I am almost always the first car on the property each morning. This is not new. For the last nine years that I have been a Head of School at a Schechter – five years as founding head of the Solomon Schechter Day School of Las Vegas and the last four, here, at the Martin J. Gottlieb Day School – however early childcare was available…that’s when the Mitzmacher family arrives. My daughters since birth have had the pleasure of dining at school each morning at around 7:00 AM. (You’re welcome!) Why do I insist on arriving so early?
Based on the title of this blog post, you might think the answer is “minyan”. That I try each morning to get to work as early as possible so that I can attend daily morning services at the synagogues in which my schools have been housed.
Despite the fact that minyan begins (here) at 7:10 AM, I had not been in the habit of rushing to drop off my girls to attend. Not that I never attended; I would attend sporadically on my own or to be present at school-related events. But my rush in the morning was really to take advantage of that magic hour of silence before teachers and students arrived. That was my hour to catch up on voicemail and email and to be ready to greet teachers and students at their arrival times. For many parents and students, seeing me in the carpool line each morning is my primary point of contact, one that I take very seriously for communication and community-building. So if I am being honest, when the minyan would be short the requisite ten and I was sent for, there were times when I either went begrudgingly or not at all.
And evening minyan?
Ironically, with all my talk of transparency and role modeling, there was always a disconnect between my schools’ expression of the value of daily prayer and my own personal practice.
“Do as I say, not as I do.”
That is not typically my leadership style, but when it has come to prayer that has been my unstated approach.
And I like prayer!
So much so that it is the focus of my teaching time in the school. I teach tefillah to Kitah Alef twice a week, to Kitah Zayin once a week, and teach a seminar about tefillah to Kitah Chet once a week as well. I love visiting all our minyanim and our monthly Kabbalat Shabbat service. We come each week to Shabbat services as a family and attend all Jewish holidays. So what’s going on?
I think it has to do with my initial visit to the University of Judaism (now American Jewish University) in the winter of 1994. I have shared about my religious upbringing before, but it is worth mentioning that that morning began with this thing called “minyan” and I can still feel the shock to my system I felt that morning as I watched peers participate in the first Hebrew (only) service I had ever experienced. It was also the first time I had ever seen tefillin. And that feeling of discomfort served both as the catalyst for the Jewish journey my life has taken since…and the roadblock to my daily minyan attendance.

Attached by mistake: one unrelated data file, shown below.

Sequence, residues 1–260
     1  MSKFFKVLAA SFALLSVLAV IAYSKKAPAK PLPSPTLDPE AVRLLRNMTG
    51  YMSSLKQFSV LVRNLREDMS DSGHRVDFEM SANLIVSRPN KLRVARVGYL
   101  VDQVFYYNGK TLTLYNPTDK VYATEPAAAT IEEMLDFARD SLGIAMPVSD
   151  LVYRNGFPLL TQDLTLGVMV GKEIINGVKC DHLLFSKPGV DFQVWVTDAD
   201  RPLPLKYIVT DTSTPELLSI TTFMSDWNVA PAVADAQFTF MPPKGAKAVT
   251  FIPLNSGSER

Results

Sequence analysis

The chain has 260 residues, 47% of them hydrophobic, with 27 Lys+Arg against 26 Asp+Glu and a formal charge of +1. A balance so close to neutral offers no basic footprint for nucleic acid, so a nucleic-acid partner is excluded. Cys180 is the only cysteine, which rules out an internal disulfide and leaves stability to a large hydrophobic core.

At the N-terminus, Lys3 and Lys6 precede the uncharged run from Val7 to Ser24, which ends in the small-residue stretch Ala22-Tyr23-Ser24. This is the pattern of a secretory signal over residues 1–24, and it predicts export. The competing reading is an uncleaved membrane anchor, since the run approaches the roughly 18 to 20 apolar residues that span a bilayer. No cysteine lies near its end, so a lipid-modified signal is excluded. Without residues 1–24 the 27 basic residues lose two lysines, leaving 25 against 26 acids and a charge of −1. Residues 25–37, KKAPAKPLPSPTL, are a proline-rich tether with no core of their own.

Because, I still feel it each time I put on my tefillin. I still feel it each time I walk through the doors. I still feel it each time I am asked to lead. All those feelings of inadequacy or ignorance or fraudulence…they are still there. Despite all my years of education, my years of teaching, my years of leading those same prayers for children and teens – you put me in a room with 500 children and I am fine. 7:10 AM with 9 other adults? Terror.
And if that’s how I feel…imagine how the average parent in our schools feel.
And in a normal year, this would be the point in my blog post where I would transition into an educational and religious exposition of the value of prayer, linking it to why we engage our students in daily prayer and our aspirations for the outcomes. But for me this is not a normal year. Because my life changed forever almost eight months ago when I unexpectedly lost my father and with that change, my attitude about minyan has undergone a fundamental transformation.
I realize it is a cliche. The process of mourning often has this impact on people. But cliches are often built on a foundation of truth and one person’s cliche is another person’s life-changing experience and this has been mine. And since July, I have attended minyan each day in order to say Kaddish. Any my appreciation for those who ensure that there is, in fact, a minyan is unbounded. And it isn’t always easy to do…there are days we struggle to make ten. This is why my colleague Hazzan Holzer began a campaign this year at the Jacksonville Jewish Center called “Minyan Matters”.
It really does.
And this is the part that I do connect to our school and my newfound appreciation that as a Schechter school we value daily prayer. We value it not only because of the skills it provides them with so that they will never have to feel the discomfort and fear many of us experience as adults with prayer. We value it not only because we hope to inspire a lifelong love of prayer and future synagogue affiliation. We value it because part of what it means to be a community is to provide its members with opportunities to have its spiritual needs met. It is a blessing to have that opportunity with our children each day.
It is a blessing for me to have that opportunity each day as well.
And only by raising our children to appreciate this value can we be assured that when it is our turn in the circle of life to be the subject of someone else’s Kaddish that there will be a minayn in which it can be said.
That’s the Schechter Difference.